Vol. 1: Syntheses
Edited By Agata Brajerska-Mazur and Edyta Chlebowska
The book is the first volume of an extensive four-volume monograph devoted to the work of Cyprian Norwid (1821–1883), one of the most outstanding Polish authors. The impact of Norwid’s oeuvre does not fade, as he addresses fundamental and timeless issues, such as the moral and spiritual condition of man or his place in the world and history and seeks to answer universal questions. The book contains an extensive selection of contributions which represent different approaches to the poet’s work. They cover various areas of research, including interpretation, thematology, genology, and editing.
On Norwid’s Poetic Semantics
Abstract: This chapter – referring to the methodological trend initiated by William Empson – draws attention to a group of phenomena in the field of poetic semantics, which seems to be particularly characteristic for Norwid’s poetics. These are various tensions created between the meanings of individual words, tensions, which are based on polysemy (actual, potential, and created by the author), synonymy, opposition, and association. These phenomena seem to be particularly important for Norwid, even more important than metaphor. Moreover, his repertoire of “operations on meanings” is much wider: creating new semantic wholes by merging or splitting the meanings of words, exploiting the phonological system for a pun-like effect, tending to make meanings allegoric and symbolic. All of this situates Norwid’s poetry within a particular current of linguistic initiated in Polish literature in the Baroque period and later strongly present in contemporary poetry, for which Norwid’s work is not only a frame of reference but also a founding stone.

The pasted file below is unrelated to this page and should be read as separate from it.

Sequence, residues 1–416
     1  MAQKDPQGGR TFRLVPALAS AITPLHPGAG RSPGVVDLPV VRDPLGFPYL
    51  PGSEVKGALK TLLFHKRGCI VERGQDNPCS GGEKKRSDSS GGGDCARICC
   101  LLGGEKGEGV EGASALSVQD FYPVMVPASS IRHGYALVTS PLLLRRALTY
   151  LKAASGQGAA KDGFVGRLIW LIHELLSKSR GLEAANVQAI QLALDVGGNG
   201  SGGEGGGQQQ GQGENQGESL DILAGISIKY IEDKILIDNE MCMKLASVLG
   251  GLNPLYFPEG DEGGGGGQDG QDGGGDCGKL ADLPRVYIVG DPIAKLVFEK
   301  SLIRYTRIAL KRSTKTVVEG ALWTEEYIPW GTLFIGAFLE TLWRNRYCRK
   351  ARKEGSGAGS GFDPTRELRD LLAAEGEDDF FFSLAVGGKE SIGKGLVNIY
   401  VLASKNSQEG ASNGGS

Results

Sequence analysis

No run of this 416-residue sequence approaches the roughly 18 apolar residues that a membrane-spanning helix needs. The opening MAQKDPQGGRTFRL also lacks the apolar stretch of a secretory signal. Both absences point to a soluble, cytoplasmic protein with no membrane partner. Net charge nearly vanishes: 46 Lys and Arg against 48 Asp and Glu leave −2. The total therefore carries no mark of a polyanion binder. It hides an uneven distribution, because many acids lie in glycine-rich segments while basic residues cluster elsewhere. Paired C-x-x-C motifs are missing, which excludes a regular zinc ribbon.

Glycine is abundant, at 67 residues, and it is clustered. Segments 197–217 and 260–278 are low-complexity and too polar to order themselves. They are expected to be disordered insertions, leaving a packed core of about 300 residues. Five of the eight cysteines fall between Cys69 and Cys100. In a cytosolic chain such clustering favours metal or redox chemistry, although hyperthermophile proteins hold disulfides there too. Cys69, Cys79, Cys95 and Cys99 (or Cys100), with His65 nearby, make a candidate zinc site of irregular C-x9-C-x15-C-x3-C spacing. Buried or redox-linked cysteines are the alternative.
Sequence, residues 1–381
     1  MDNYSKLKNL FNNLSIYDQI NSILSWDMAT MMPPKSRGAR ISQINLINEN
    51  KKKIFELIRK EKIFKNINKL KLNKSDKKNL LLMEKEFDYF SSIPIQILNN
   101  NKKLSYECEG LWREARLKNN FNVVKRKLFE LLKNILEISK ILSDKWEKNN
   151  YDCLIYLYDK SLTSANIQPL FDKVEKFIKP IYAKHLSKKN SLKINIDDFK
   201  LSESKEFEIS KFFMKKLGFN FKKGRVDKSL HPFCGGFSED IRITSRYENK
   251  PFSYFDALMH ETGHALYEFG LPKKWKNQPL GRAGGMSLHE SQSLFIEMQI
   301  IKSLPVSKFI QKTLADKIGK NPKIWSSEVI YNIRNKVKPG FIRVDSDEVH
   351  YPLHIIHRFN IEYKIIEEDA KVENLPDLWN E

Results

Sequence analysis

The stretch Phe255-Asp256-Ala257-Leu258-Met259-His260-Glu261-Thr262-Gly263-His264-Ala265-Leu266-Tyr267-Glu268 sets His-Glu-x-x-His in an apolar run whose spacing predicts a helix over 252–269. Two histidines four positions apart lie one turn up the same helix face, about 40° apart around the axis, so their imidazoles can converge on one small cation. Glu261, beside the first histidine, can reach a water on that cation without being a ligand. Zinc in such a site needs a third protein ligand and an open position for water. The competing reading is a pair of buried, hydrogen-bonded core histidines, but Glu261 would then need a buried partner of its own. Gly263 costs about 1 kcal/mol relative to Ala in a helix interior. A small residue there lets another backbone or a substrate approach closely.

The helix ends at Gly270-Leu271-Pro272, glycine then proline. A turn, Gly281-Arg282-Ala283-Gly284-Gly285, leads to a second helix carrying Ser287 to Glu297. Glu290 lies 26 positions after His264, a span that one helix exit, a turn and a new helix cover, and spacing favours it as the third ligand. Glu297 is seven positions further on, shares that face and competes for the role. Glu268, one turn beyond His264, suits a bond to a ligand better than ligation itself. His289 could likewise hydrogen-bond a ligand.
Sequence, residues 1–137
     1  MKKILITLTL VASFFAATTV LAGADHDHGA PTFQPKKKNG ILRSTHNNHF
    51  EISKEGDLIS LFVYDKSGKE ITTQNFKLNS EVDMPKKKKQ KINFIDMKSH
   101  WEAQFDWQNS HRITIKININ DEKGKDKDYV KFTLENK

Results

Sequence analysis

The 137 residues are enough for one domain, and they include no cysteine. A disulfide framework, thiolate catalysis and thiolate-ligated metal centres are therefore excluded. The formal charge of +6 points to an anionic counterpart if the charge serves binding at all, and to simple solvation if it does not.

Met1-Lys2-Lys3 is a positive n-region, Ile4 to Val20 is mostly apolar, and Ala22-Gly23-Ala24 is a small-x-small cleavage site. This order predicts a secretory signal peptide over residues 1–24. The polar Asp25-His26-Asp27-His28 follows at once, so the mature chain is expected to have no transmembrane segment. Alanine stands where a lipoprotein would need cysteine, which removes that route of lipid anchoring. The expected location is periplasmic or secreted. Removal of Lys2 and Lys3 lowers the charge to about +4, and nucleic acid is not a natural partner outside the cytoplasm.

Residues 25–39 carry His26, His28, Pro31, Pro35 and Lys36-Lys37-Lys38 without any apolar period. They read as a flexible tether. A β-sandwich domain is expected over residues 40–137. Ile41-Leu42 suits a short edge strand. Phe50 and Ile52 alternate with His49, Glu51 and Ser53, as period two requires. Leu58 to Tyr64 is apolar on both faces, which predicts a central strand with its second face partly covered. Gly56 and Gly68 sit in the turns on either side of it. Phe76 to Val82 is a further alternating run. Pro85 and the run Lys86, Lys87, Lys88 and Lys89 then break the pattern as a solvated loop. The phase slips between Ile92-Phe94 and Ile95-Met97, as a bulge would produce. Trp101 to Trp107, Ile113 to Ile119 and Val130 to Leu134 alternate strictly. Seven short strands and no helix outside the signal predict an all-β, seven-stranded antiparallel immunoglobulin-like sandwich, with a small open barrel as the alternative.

Keywords: Cyprian Norwid, poetics, poetic semantics, polysemy, linguistic poetry
In this chapter, I would like to draw attention – with reference to the methodological trend initiated by Empson1 – to a certain group of phenomena within poetic semantics which seems particularly characteristic of Norwid’s poetics.
One of the poet’s last poems was the ballad titled “Rozebrana” [“Disrobed”]:
Ani jej widzieć wieczorem, ni z rana,
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